New to Whisky?

A little help with the basics & terminology



The world of whisky and especially Scotch whisky is filled with specialised terminology which at first glance may, at best, confuse the newcomer or, at worst, drive them away from what could have been a wonderful journey of discovery. So, in this feature from Whisky Emporium I aim to help with an explanation of some of the termonology surrounding this great gift to the world to which our master distillers and blenders dedicate their lives.


Do you know your grain from your malt or your blended?

Perhaps gaga about Glasses?

Confuddled with casks?

Stumped by Stills?

or Ropey on your Regions?






The Stills


The spirit which after a period of maturation will be called whisky is produced through a process of distillation. But first, we begin with barley which is soaked in water to allow it to begin the process of germination, then it is dried, ground (into Grist) and added to hot water where it is allowed to ferment. This is a process called Mashing and takes place in a large container called a Mash Tun. This process creates a liquid rich in fermentable sugars which will later produce alcohol and is called the Wort. Yeast is added and the liquid sits for up to 4 days in another vessel called the Washback, allowing it to fully ferment. At this stage the liquid is like a strong beer with up to 10% ABV strength, so in order to increase the alocohol strength it now needs to be distilled.


Distillation takes place in stills known as 'Pot Stills' which are in fact, made from copper. There are two types of still; first the Wash Still is used, sometimes repeatedly, then the resulting liquid, called the Low Wines is further distilled in a smaller still called the Spirit Still in order to finally produce the spirit that will become whisky. However, not all this liquid has the honour of being selected to become whisky. The spirit coming out of this process is divided into three 'cuts', the Head, Heart and Tail. Only the middle cut (Heart) is considered perfect for whisky, the heads and tails are not.


Did you know that the shape of still defines the overall character of the resulting whisky? Tall narrow still create lighter, more floral or aromatic whiskies, whereas shorter ones create heavier, more full-bodied whiskies.

Coffey Stills; In the early 1800's a different type of still was also being used, these were continuos ones called Coffey Stills and were more efficient than Pot Stills as they produced less-flawed spirit. Unfortunately, these 'flaws' included many desirable flavours and much of the character of malt whisky, so use of them in malt whisky production was stopped, but they are still used today in the production of grain whisky.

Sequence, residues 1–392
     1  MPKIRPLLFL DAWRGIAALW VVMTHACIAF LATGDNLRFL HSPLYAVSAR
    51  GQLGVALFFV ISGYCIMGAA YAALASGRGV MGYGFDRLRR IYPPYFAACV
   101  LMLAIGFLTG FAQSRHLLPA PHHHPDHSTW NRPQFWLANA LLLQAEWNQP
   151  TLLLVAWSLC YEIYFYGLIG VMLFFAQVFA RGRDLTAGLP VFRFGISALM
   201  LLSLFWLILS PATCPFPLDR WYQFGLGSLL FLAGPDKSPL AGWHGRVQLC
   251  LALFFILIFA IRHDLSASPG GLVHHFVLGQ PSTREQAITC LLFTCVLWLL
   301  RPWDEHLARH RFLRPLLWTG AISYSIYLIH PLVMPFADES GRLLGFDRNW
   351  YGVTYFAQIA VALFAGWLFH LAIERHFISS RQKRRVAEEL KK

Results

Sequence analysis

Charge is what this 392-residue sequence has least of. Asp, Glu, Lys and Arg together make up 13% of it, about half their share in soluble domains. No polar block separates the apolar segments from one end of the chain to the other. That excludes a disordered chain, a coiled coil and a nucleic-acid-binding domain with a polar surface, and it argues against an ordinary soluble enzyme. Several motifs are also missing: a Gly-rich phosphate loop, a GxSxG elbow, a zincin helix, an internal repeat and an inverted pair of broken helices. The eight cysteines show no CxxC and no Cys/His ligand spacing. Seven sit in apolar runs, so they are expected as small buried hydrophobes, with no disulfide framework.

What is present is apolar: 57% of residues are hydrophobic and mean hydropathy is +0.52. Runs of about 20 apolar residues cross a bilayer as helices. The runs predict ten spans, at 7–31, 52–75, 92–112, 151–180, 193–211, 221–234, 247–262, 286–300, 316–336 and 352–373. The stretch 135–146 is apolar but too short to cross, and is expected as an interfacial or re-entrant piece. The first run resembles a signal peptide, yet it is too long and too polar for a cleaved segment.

The Casks

as modelled by my dear wife


The spirit (Head) selected for maturation to become whisky is filled into oak casks where it sits in warehouses for a minimum of three years before it can be called 'whisky'. Up until that time it is referred to as New Make or New Spirit. This spirit always used to be filled into the casks at full strength, straight from the stills, but today it is often filled at strengths of around 63-65% ABV.

The casks themselves are usually made from either American White Oak or European Oak as these have proven to be the best for whisky maturation. Although 'new oak' has been used, current thought is that previously-used casks help add more character to the whisky and the ones in widespread use today are ex-bourbon or ex-sherry casks.


American law dictates that casks may only be used once for bourbon maturation, so these are a sensible and very common option for Scotch whisky as they are dismantled and shipped to Scotland after that single use. Sherry casks are, obviously, made from European Oak and sourced in the major sherry-producing regions of Spain. The first time a sherry cask is used for whisky it is referred to as 'First Fill', then second-fill ... etc.


Cask sizes & volumes; Bourbon casks are generally 200 litres in size and referred to as 'Barrels'. Sherry casks come in various sizes which include Hogsheads (250 litres), Butts (500 litres) and sometimes Puncheons (450 litres).

As maturation is dependent upon time spent in a warehouse and the interaction between the spirit and the wood, some distilleries have begun to use what they call Quarter Casks (125 litres) as they increase the percentage of the whisky in direct contact with the wood, thus aiding or even speeding up and intensifying maturation, creating a whisky with totally different character to one from a 500 litre butt over the same period of time.



Did you know that the colour of a whisky is highly dependent upon the type of cask used? Bourbon casks will produce much lighter-coloured whiskies than sherry casks, but some producers also use artifical colouring (caramel) to help darken their products. Here in Germany this must be stated on the labels, but this is not yet the case in all countries.

Flavour is also dependent upon the types of cask used; As bourbon casks are charred on the inside, these carbon deposits help filter the impurities from the spirit during maturation and also help produce vanilla flavours in the resulting whiskies, whereas sherry casks help produce richer, dark fruit (like raisin, prune & currant) flavours in the whisky, along with stronger wood (oak) and sherry ones. Obviously, first-fill casks produce richer flavours than second-fill ones ...... and so on.




The Whisky


So, the new spirit must be matured in oak casks for a minimum of three years before it may be called whisky. However, this process called maturation causes some of the spirit to be 'lost' due to the fact that the casks 'breathe'. This loss, or evaporation, is affectionately known as the "Angel's Share".